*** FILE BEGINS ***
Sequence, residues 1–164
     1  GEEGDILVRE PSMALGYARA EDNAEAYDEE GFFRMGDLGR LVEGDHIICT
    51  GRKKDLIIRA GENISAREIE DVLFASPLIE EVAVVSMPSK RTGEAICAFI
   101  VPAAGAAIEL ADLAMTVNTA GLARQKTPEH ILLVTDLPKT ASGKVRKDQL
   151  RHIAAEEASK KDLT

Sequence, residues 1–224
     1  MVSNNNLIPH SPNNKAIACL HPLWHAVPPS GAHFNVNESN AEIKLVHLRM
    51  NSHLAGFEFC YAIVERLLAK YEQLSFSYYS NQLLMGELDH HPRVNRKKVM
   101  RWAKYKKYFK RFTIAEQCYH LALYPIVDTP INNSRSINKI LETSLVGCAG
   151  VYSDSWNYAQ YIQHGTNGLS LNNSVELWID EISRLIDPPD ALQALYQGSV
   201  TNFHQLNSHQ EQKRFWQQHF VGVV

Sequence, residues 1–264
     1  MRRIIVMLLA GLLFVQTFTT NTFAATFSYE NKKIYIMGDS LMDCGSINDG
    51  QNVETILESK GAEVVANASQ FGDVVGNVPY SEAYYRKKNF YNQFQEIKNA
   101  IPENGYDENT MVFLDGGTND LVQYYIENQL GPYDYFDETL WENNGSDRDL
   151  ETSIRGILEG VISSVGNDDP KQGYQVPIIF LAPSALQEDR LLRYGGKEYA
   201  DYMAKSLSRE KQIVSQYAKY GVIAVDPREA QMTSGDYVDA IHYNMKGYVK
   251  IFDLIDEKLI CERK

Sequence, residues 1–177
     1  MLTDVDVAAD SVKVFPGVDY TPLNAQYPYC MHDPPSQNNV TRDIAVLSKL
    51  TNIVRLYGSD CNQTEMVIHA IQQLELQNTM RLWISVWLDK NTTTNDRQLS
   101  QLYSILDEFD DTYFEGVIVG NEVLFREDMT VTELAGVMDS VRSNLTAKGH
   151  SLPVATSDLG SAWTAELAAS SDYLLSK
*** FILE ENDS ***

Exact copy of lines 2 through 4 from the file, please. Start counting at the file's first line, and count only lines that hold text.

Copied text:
     1  GEEGDILVRE PSMALGYARA EDNAEAYDEE GFFRMGDLGR LVEGDHIICT
    51  GRKKDLIIRA GENISAREIE DVLFASPLIE EVAVVSMPSK RTGEAICAFI
   101  VPAAGAAIEL ADLAMTVNTA GLARQKTPEH ILLVTDLPKT ASGKVRKDQL